Event Title

On the Opposite Effect Fluid Loading has on the Velocity of Dilatational Waves in Thin Plates and Rods

Location

Snowbird, UT, USA

Start Date

1-1-1999 12:00 AM

Description

Longitudinal guided wave propagation in thin plates and rods is of great practical importance. Such guided modes are commonly used to evaluate the material properties of thin foils and plates, metal wires, optical fibers, and reinforcement filaments used in epoxy, metal, and ceramic matrix composites. The feasibility of using such longitudinal guided waves to evaluate the interface properties between the fiber and the surrounding solid matrix was investigated by both theoretical and experimental means [1,2]. Another interesting application is when an imbedded fiber is used to monitor the properties of the surrounding material during polymerization [3]. In this case, the fiber properties are known and the interface conditions are assumed to be perfect. Any change in the velocity or the attenuation of the guided mode in the fiber can be attributed to the surrounding material that changes from a viscous fluid to an elastic solid during the curing process. Guided modes producing mainly tangential displacement can be readily used to measure fluid viscosity. From this point of view, torsional modes are the best [4, 5], but they are more difficult to generate and detect than extentional modes [6]. Nagy and Kent recently utilized the fundamental symmetric mode in thin wires and fibers to assess their Poisson’s ratio through measuring the leaky attenuation of these modes in such structures [7].

Book Title

Review of Progress in Quantitative Nondestructive Evaluation

Volume

18A

Chapter

Chapter 1: Elastic Waves and Ultrasonic Techniques

Section

Guided Waves and Applications

Pages

199-206

DOI

10.1007/978-1-4615-4791-4_24

Language

en

File Format

application/pdf

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Jan 1st, 12:00 AM

On the Opposite Effect Fluid Loading has on the Velocity of Dilatational Waves in Thin Plates and Rods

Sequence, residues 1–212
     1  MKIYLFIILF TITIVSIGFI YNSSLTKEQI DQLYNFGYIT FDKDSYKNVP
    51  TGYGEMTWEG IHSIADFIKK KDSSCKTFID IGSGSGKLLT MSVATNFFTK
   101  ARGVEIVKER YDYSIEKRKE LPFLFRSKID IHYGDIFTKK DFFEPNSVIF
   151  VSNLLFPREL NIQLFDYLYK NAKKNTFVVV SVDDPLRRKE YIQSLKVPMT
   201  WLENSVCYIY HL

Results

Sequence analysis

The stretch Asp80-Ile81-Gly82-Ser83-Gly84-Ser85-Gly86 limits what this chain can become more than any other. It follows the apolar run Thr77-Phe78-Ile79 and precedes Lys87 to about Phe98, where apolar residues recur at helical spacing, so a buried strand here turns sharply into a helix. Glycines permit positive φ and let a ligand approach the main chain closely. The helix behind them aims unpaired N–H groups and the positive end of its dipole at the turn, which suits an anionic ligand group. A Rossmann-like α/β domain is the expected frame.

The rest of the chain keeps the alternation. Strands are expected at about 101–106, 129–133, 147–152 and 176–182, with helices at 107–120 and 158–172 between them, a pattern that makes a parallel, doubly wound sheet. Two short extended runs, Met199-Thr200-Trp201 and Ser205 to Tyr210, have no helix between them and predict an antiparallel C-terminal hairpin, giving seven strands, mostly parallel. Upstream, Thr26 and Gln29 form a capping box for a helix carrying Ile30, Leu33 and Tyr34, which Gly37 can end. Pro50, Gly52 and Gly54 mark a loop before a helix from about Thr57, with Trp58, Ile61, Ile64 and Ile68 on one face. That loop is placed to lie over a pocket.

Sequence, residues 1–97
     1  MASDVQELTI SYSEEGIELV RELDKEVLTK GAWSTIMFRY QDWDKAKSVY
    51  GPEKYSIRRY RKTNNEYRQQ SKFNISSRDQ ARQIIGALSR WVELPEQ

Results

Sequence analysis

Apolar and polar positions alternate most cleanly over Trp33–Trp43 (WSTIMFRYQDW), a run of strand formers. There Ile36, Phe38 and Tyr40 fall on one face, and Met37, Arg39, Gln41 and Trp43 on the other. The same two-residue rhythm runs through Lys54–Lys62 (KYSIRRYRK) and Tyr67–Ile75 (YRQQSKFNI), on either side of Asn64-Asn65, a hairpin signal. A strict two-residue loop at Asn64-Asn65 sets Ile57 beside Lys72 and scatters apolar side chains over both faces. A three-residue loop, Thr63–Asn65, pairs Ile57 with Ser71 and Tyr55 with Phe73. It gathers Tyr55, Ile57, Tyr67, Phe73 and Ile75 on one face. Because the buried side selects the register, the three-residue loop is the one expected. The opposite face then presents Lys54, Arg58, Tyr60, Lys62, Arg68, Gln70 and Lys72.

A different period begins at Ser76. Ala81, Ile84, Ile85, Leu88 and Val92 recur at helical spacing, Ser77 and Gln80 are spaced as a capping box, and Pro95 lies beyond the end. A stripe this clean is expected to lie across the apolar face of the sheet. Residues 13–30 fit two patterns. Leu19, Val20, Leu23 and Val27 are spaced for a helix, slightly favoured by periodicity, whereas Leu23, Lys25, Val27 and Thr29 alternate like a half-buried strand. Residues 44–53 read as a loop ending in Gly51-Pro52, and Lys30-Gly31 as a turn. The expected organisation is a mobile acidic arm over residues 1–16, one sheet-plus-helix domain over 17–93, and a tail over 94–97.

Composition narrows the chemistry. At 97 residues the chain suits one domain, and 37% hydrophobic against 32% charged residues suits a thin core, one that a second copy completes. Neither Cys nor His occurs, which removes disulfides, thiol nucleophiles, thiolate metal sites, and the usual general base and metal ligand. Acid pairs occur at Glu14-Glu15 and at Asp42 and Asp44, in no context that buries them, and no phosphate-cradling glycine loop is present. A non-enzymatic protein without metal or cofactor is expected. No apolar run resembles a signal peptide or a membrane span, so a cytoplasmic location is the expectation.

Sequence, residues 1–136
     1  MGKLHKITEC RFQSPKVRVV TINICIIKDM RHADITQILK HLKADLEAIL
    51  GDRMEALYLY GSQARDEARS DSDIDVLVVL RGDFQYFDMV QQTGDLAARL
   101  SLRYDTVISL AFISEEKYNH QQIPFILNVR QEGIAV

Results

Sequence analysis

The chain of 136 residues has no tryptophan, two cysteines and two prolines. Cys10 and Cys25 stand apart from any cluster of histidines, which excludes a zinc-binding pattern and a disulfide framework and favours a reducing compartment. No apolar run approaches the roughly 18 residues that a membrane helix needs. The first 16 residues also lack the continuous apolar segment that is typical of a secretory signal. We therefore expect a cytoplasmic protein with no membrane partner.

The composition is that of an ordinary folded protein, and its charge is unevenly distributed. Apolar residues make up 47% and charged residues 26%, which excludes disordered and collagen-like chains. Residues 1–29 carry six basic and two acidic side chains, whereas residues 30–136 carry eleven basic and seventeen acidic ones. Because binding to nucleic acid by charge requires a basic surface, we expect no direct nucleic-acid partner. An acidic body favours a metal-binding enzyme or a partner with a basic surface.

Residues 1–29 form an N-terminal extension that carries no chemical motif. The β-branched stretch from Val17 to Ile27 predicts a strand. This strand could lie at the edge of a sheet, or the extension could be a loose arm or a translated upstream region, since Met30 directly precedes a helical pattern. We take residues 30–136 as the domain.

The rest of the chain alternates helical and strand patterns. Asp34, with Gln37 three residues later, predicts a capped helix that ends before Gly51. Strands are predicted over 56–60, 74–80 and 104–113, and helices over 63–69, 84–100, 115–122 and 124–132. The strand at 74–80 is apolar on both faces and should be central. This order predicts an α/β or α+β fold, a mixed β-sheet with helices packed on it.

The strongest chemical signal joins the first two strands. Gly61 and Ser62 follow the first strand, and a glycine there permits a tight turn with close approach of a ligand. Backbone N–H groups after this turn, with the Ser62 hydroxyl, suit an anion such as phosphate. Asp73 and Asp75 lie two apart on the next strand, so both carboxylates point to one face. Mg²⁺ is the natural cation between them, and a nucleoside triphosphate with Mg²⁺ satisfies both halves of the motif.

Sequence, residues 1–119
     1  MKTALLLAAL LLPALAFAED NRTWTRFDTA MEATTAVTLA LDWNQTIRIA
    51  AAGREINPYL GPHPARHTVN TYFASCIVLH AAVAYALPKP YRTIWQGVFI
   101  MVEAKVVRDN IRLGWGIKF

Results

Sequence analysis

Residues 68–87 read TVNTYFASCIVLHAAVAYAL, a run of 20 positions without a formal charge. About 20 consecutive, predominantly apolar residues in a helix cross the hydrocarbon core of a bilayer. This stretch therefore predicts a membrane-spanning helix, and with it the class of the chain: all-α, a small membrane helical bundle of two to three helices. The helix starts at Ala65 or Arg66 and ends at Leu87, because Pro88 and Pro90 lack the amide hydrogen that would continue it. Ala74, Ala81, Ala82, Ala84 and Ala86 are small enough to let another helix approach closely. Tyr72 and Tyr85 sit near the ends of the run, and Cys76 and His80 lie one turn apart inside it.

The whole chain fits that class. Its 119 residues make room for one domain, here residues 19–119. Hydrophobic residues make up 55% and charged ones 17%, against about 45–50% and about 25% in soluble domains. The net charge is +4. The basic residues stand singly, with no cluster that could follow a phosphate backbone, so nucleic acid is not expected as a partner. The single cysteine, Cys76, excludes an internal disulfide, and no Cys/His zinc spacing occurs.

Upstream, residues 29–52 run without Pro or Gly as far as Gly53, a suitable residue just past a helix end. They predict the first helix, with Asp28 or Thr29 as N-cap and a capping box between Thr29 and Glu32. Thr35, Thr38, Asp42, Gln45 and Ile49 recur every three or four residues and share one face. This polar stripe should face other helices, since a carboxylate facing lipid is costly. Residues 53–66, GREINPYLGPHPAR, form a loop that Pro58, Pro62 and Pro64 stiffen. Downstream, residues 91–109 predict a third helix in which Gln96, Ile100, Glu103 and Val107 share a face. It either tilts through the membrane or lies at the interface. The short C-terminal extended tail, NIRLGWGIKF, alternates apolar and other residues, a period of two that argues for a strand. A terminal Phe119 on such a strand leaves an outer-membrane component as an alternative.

Snowbird, UT, USA

Longitudinal guided wave propagation in thin plates and rods is of great practical importance. Such guided modes are commonly used to evaluate the material properties of thin foils and plates, metal wires, optical fibers, and reinforcement filaments used in epoxy, metal, and ceramic matrix composites. The feasibility of using such longitudinal guided waves to evaluate the interface properties between the fiber and the surrounding solid matrix was investigated by both theoretical and experimental means [1,2]. Another interesting application is when an imbedded fiber is used to monitor the properties of the surrounding material during polymerization [3]. In this case, the fiber properties are known and the interface conditions are assumed to be perfect. Any change in the velocity or the attenuation of the guided mode in the fiber can be attributed to the surrounding material that changes from a viscous fluid to an elastic solid during the curing process. Guided modes producing mainly tangential displacement can be readily used to measure fluid viscosity. From this point of view, torsional modes are the best [4, 5], but they are more difficult to generate and detect than extentional modes [6]. Nagy and Kent recently utilized the fundamental symmetric mode in thin wires and fibers to assess their Poisson’s ratio through measuring the leaky attenuation of these modes in such structures [7].